What if they gave a war and no one came? What if they (the same they, it seems) gave an execution and no doctor showed up? Maybe they would have to call off both.

Hippocrates gave the charge, “Primum non nocere – First, do no harm,” to his medical students almost 2,500 years ago. To this day, budding physicians start out on their medical careers holding up their right hand, swearing allegiance to the legendary Hippocratic oath.

There are codicils that, if not said verbatim, are certainly accepted by implication. One is the promise that they will uphold life and work to preserve it, to the best of their abilities. Controversies raged in recent years over the philosophy and actions of Dr. Jack Kevorkian, who became a standard-bearer for the practice of doctor-assisted suicide and is now serving prison time for this practice. Yet, the issue of physician involvement in the carrying out of the death penalty has never been tested in the courts.

State laws and regulations continue to mandate that medical professionals be directly involved in executions. Of the 36 states that now have death penalty statutes on their books, 23 require a physician in attendance at the execution to either “determine” or “pronounce” death.

The degree of doctor participation varies, from securing the prisoner on the gurney, locating the injection site for the tranquillizer and the fatal concoction, mixing the lethal potion in the desired strength, preparing the vein for the placement of the intravenous apparatus, to finally making the pronouncement of death. Physicians have also been hired to document the prisoner’s morphology or advise on the strength and tension of the noose in hangings, and sometimes are called on to decide if a further “jolt” is needed in an electrocution.

In 1992, the American Medical Association, the self-appointed watchdog over the ethical practices of American doctors, passed a resolution banning physicians from participating in any way in an execution of any sort, including offering advice and vicarious consultations as to method and dosing. In 10 death penalty states, state medical societies have written policies that ban doctors’ participation; others simply defer to the AMA guidelines.

No doubt prison officials are aware of the discomfort that has been simmering among practitioners. The doctors who participate in executions remain anonymous, certainly in part because of their own personal uneasiness with their role. Some have likened the whole process to the practice of the Nazi regime in Germany, which had its physicians administer anesthesia and perform mutilation surgeries on inmates for its grotesque “master race” purity schemes. Those many who refused were dealt with as harshly as might be expected.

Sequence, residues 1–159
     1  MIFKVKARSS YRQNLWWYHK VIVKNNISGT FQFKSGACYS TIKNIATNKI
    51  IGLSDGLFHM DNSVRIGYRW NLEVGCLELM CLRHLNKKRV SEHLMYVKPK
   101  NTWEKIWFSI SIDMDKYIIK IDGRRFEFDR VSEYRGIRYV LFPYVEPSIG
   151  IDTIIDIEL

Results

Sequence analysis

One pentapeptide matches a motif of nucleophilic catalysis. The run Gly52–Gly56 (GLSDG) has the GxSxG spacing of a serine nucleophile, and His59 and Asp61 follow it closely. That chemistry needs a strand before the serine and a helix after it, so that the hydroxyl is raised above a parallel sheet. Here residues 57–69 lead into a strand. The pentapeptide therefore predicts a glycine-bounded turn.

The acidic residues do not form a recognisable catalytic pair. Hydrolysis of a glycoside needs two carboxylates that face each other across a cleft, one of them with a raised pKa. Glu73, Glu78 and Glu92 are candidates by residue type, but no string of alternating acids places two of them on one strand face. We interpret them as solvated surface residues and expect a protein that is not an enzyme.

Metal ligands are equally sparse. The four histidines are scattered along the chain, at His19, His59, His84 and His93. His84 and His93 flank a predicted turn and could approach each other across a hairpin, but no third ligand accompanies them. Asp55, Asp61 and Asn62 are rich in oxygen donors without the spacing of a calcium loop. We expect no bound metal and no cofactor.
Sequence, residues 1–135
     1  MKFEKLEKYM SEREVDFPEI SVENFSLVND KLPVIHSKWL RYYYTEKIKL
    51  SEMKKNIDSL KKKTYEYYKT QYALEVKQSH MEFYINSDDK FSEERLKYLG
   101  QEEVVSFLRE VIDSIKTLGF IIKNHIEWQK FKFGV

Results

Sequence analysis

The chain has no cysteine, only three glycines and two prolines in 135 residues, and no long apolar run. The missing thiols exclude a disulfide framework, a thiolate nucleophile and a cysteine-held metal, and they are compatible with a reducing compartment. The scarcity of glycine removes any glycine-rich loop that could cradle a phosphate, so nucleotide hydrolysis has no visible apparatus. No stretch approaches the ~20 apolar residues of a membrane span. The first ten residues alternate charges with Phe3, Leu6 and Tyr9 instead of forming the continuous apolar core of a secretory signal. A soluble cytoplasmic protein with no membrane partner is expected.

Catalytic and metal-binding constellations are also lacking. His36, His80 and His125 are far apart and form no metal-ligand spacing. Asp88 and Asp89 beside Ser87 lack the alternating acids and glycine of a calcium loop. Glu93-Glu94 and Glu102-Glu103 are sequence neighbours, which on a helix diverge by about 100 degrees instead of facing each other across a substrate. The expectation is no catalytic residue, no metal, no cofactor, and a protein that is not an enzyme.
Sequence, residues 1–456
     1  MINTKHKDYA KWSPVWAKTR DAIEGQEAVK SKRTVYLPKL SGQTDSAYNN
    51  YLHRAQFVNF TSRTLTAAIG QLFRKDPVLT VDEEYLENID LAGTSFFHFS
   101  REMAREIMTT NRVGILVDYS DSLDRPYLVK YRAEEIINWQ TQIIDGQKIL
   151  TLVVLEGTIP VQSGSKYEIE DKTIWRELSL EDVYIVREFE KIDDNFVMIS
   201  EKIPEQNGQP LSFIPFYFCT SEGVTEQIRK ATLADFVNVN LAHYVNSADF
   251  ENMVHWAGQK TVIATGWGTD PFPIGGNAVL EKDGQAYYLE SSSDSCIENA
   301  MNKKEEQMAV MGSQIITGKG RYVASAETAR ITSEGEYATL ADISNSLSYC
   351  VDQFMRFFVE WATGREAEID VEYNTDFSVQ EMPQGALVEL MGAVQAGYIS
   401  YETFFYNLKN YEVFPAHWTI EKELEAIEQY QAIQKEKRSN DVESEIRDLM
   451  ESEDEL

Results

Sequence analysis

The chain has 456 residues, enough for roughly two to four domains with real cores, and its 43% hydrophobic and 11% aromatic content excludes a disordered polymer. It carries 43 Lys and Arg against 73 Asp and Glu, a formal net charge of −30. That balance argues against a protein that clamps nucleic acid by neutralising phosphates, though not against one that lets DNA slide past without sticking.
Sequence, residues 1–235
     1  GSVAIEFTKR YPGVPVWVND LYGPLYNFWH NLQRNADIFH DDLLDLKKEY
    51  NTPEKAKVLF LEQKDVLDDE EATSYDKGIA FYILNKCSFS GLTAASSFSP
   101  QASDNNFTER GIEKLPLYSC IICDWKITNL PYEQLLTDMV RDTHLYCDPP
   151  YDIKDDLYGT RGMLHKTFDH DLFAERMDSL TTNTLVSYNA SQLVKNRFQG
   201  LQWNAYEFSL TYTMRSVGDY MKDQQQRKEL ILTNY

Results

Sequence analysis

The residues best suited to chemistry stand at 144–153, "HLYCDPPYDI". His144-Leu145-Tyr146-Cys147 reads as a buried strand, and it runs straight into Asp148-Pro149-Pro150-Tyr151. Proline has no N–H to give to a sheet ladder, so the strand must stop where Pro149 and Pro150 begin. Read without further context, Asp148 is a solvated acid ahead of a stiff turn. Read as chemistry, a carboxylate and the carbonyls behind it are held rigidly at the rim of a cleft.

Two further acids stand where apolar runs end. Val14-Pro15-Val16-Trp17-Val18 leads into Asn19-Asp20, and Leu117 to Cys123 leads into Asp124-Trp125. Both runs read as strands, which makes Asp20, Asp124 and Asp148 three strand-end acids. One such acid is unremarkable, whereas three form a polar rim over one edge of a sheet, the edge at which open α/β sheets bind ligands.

Physicians are trained to be healers. Partaking in any form of a death procedure cannot be construed as anything other than destructive of life. Taking an ostensibly healthy person and assisting in his or her demise can only be a violation of the Hippocratic oath in essence and intent.

It is not clear what would happen to the death penalty were American physicians to abide strictly by the words of their oath and the dicta of their representatives. Perhaps legislatures would devise alternatives that would replace doctors with trained non-medical personnel. But that would be problematic, since many states require that only a licensed medical doctor can pronounce death.

The U.S. is the only developed nation with a state-authorized death penalty either on the books or in practice. In those countries that have not specifically outlawed the practice as excessive and barbaric, the death penalty has not been used in so many years it is assumed some sort of ban exists.

The death penalty, so controversial because of its religious, legal, moral and social issues, might not be able to withstand a united effort by our medical community against its practice.

It would certainly be worth a try.

Don Sloan is a retired physician and assistant editor of Political Affairs. He can be reached at donsloan@whereitis.com